Boris Johnson has admirable aspirations but we all need to up our game to make net zero a reality, says Cundall’s Alan Fogarty
The government’s new 10-point plan is a great start, but whether it incites a green industrial revolution is yet to be seen. In reality, a revolution of this sort requires a radical change in the way we approach the design and retrofit of all UK building stock, as well as significant investment and commitment to policy change. At the moment, I don’t think we’re there.
Despite initial fears that the pandemic would shift focus away from climate action, it has actually brought the need for net zero carbon solutions sharply into focus and increased pressure on the government to present their plans for our sustainable future. The 10-point plan emphasises the trajectory of the government which will focus private industry on the direction of travel.
Despite initial fears that the pandemic would shift focus away from climate action, it has actually brought the need for net zero carbon solutions sharply into focus
In terms of buildings, the plan complements the forthcoming revision to the Building Regulations. The revision is due in 2020 with a future vision for 2025, albeit implementation has been slowed by covid. There was some criticism of the ambition of the 2020 proposals, which require a 25% to 30% reduction in CO2, but the 2025 targets are being pitched at 70% to 80% reduction: this would be a game-changer in terms of building design. To achieve these targets and the long-term goal of net zero requires industry to innovate and change the way buildings are developed.
A significant step forward is the forthcoming introduction of the Design for Performance energy rating system by the Better Buildings Partnership. This is a replica of the very successful Australian NABERS system, which has driven down building energy consumption by 70% over the last 20 years. A similar scheme was developed by the Department for Education back in 2013, and while the implementation has not been rigorous enough – which is changing – it is still the only sector that has widely embraced it. This is complemented by a number of zero carbon pilot schools to ascertain where to invest when it comes to reducing energy and ultimately provide better accommodation for the pupils.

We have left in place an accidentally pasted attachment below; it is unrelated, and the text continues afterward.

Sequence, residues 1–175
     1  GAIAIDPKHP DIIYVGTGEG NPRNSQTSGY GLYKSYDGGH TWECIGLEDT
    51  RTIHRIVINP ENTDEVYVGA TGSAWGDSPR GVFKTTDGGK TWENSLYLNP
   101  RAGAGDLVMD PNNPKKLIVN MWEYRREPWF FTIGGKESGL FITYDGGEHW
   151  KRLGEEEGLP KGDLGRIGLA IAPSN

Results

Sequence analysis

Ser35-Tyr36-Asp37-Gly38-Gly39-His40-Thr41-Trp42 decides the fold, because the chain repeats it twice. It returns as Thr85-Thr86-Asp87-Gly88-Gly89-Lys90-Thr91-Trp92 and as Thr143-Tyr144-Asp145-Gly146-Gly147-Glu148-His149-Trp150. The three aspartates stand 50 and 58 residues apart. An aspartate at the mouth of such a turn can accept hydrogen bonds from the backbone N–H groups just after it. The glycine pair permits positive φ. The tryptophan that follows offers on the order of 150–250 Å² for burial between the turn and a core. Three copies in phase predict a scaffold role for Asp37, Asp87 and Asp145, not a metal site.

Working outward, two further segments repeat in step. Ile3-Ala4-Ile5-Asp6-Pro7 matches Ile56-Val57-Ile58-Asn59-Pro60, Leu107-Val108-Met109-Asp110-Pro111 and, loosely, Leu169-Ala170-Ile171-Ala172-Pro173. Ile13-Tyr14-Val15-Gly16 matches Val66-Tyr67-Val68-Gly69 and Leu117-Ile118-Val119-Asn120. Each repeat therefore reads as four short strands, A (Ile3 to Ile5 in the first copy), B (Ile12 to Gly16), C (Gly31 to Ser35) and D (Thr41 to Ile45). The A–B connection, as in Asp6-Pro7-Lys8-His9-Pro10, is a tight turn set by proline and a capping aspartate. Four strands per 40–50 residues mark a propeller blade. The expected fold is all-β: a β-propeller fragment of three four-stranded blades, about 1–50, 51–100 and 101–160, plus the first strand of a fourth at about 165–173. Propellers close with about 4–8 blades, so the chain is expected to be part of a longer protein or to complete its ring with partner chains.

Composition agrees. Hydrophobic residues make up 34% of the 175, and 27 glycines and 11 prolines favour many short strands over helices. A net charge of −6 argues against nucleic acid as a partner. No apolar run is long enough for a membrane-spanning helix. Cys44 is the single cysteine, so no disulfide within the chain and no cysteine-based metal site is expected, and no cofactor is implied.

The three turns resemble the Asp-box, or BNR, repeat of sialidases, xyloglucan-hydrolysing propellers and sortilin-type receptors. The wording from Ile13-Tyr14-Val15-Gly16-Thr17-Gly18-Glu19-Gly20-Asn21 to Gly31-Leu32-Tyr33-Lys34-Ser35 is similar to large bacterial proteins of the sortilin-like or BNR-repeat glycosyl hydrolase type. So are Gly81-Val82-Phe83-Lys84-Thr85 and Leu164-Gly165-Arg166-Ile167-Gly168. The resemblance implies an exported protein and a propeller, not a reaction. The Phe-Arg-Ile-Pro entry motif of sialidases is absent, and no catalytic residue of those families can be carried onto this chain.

When it comes to retrofitting homes and public buildings with heat pumps, the government’s plan is admirable, but installing a heat pump is not an all-encompassing solution. To maximise the effectiveness of this technology and truly lower emissions, homeowners and landlords would also potentially need to invest in reducing heat loss with double glazing. While grants are available (£5k to £10k maximum) to assist with improved thermal performance, adding heat pumps, which will also require the replacement of pipework and radiators, could mean an investment in excess of £10,000 with little reduction in costs. What is the incentive for ordinary people to do this assuming they even have the cash available?
Along with heat pumps, the plan also includes the transition to electric vehicles and a trial for a hydrogen-powered village. Again, it’s great to see these steps being taken, but if these are to become long-term solutions, we will also need to completely overhaul the grid in order to deliver the necessary power. I’m surprised that this hasn’t been included alongside the plan to invest in hydrogen and wind power, because the challenge we face is not just about generating that power but upgrading the entire system that delivers it.
The government’s plan isn’t perfect, but it is a great step in the right direction. In the grand scheme of things, the UK is leading the way compared with other countries when it comes to sustainability and net zero carbon policy, and as we head toward COP26 in November 2021, all eyes will be on us to lead the way toward a global net zero future.
Alan Fogarty is sustainability partner at Cundall
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